Thursday, February 18, 2010

Another Whisper from the Past...and Another Catastrophe

I am always kind of haunted (in a good way) by ancient petroglyphs and pictographs. Most of my teaching in a classroom involves delivering information using one kind of rock (chalk) to form images on another kind of rock (slate, or an artificial derivative of slate). My images are far more transitory (they last right up to the moment the custodian erases them), but I feel an affinity for those who left images in stone hundreds or thousands of years ago. They were telling a story, sometimes with an obvious message (bighorn sheep here!), and sometimes with symbolism and codes that are long lost to history.

I'm back from our field studies journey in Death Valley, but I'm still finding a bit of material to post. We were out on the last day, making our way south out of the valley over Emigrant Pass and Wildrose Canyon. In a drier year we would have paid a visit to Aguereberry Point or the Wildrose Charcoal Kilns but snow and ice prevented us from doing so. With the additional time we paid a visit to some striking petroglyphs on a rhyolite ash flow of the Nova Formation. They depict animals, as seen above, and quite a few indecipherable symbols. Although one should NEVER touch the rock art, nor should one do rubbings, it is certainly a temptation! I wanted to reach up and touch this surface that was another's message. It's a moment of communicating with a fellow human being across the centuries (don't worry, neither I nor any of my students were touching the petroglyphs!).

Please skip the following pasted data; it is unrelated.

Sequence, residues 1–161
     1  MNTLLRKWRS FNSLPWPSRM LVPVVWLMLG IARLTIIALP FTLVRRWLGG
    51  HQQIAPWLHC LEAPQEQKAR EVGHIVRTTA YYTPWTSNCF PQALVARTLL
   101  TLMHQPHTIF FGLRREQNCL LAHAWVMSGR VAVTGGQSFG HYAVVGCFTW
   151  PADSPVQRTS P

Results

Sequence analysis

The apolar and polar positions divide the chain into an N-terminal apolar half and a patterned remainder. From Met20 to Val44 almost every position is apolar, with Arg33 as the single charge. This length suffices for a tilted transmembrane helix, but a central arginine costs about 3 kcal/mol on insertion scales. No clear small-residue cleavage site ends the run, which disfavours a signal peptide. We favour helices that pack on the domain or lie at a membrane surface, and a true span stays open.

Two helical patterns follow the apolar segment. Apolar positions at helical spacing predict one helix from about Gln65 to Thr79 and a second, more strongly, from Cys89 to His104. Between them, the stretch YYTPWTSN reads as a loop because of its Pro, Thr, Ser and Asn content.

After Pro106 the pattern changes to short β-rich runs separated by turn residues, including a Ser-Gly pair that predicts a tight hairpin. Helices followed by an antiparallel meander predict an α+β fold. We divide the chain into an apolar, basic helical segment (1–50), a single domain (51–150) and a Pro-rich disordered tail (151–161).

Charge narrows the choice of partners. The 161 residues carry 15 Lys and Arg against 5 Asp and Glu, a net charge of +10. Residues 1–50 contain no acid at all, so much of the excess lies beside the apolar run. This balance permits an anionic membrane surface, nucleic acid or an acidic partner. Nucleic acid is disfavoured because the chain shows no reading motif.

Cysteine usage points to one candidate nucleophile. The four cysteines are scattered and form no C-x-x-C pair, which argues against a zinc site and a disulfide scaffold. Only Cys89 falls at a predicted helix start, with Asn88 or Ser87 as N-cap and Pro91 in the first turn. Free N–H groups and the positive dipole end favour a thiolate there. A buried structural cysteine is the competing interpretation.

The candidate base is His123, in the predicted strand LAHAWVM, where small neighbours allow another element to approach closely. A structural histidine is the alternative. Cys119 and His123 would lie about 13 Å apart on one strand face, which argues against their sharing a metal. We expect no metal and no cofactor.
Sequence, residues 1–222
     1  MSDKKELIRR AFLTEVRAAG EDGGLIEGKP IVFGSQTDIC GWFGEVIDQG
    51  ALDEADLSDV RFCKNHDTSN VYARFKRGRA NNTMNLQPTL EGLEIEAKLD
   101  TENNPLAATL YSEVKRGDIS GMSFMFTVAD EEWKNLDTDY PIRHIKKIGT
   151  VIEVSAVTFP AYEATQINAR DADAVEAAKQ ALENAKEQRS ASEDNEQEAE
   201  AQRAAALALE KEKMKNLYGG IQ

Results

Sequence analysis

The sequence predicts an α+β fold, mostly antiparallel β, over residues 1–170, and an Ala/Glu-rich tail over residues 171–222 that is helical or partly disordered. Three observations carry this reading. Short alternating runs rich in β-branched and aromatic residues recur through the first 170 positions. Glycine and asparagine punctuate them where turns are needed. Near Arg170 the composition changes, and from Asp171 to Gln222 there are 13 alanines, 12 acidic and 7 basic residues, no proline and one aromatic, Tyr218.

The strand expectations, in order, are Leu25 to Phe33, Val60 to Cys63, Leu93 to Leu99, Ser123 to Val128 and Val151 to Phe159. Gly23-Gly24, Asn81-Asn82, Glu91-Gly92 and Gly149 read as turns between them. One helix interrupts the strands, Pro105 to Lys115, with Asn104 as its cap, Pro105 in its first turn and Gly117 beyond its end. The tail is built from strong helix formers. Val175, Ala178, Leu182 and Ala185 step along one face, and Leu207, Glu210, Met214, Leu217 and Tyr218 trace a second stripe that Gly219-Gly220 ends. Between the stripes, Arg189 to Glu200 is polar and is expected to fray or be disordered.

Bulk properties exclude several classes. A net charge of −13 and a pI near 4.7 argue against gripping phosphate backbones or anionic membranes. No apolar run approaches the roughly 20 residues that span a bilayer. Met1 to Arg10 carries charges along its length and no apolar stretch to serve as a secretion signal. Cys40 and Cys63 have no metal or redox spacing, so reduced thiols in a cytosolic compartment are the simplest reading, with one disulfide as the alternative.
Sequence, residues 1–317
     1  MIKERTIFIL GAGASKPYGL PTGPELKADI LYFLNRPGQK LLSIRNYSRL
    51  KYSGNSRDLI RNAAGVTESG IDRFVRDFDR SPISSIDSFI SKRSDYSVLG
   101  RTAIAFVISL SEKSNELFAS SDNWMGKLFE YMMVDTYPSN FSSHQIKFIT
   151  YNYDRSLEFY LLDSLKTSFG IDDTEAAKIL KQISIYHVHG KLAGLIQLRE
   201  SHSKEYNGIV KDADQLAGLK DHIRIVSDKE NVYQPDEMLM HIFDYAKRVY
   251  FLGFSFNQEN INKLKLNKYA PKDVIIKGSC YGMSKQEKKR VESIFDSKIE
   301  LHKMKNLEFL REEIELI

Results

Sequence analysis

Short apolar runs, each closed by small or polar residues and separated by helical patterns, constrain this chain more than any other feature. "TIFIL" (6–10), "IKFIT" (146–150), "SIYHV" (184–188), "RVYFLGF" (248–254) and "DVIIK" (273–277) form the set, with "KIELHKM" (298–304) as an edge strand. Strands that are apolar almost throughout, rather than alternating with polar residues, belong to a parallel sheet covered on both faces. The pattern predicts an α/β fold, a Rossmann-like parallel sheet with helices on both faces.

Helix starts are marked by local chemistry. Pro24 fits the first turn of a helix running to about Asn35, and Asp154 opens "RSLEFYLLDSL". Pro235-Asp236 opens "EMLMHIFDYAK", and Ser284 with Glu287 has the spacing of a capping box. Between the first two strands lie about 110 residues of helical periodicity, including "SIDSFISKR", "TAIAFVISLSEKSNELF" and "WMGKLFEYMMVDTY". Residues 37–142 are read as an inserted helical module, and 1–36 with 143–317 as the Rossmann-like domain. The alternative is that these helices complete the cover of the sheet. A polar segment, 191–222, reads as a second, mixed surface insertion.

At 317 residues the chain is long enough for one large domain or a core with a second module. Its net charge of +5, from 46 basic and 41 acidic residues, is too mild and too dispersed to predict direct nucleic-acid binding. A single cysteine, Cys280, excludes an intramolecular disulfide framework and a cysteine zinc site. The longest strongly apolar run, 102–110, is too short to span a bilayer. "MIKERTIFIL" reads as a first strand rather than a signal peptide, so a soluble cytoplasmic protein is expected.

While looking at the rock art, I took a step back and looked at the canvas the artist had chosen: an outcrop of tan colored rhyolite ash perhaps 30 feet thick. It lies interbedded with the conglomerates of the Nova Formation, which formed in a series of chaotic basins that developed over an extending terrane in the Panamint Mountains between 5.4 and 3.1 million years ago (the Emigrant Detachment). The rhyolite ash was formed in a violent explosion that inundated the region with the white powdery material. I looked closer at the rock and was struck by the absolute starkness of the basal contact. I was looking at a single moment in time, a matter of a few seconds from a momentous event several million years ago. It was a castastrophe.

By catastrophe, I don't mean a worldwide conflagration that eliminated whole species across the the planet. It was more local, perhaps affecting only a few hundred or few thousand square miles, but any living thing living within the region of the eruption was instantaneously buried in hot ash. Look at a close-up of the contact below...

This was an alluvial fan surface. A rugged mountain close by was shedding debris via streams, floods and mudflows, leaving a rocky landscape. It could have been a sunny day, maybe cloudy. Vegetation was growing among the rocks, and a variety of large animals were grazing nearby: numerous species of horses and camels, antelopes, mastodons, and the carnivorous animals, ancestors to today's canids and felines. There was a vast rumbling, a huge explosion ripped into the sky, and darkness quickly engulfed the area. Animals surely tried to escape, but there was nowhere to go. They were buried. Their last moment is memorialized by a thin line in a cliff that divides a conglomerate from a white ash layer.


Callan Bentley said...

This is my favorite thing about geologizing -- these moments of insight, these visualizations of past drama. When you speak the rock language, they can communicate with you. You're privy to stories others are utterly oblivious to.
PS - The "Nova" Formation !! I love it!

Gaelyn said...

Garry, once again an excellent post. I didn't get to see any native rock art while at DV, but the natural rock art is so captivating. So much went on here. Do you think there's any fossils?

Garry Hayes said...

I'm pretty sure they've found fossils in the Nova, but I don't know the specifics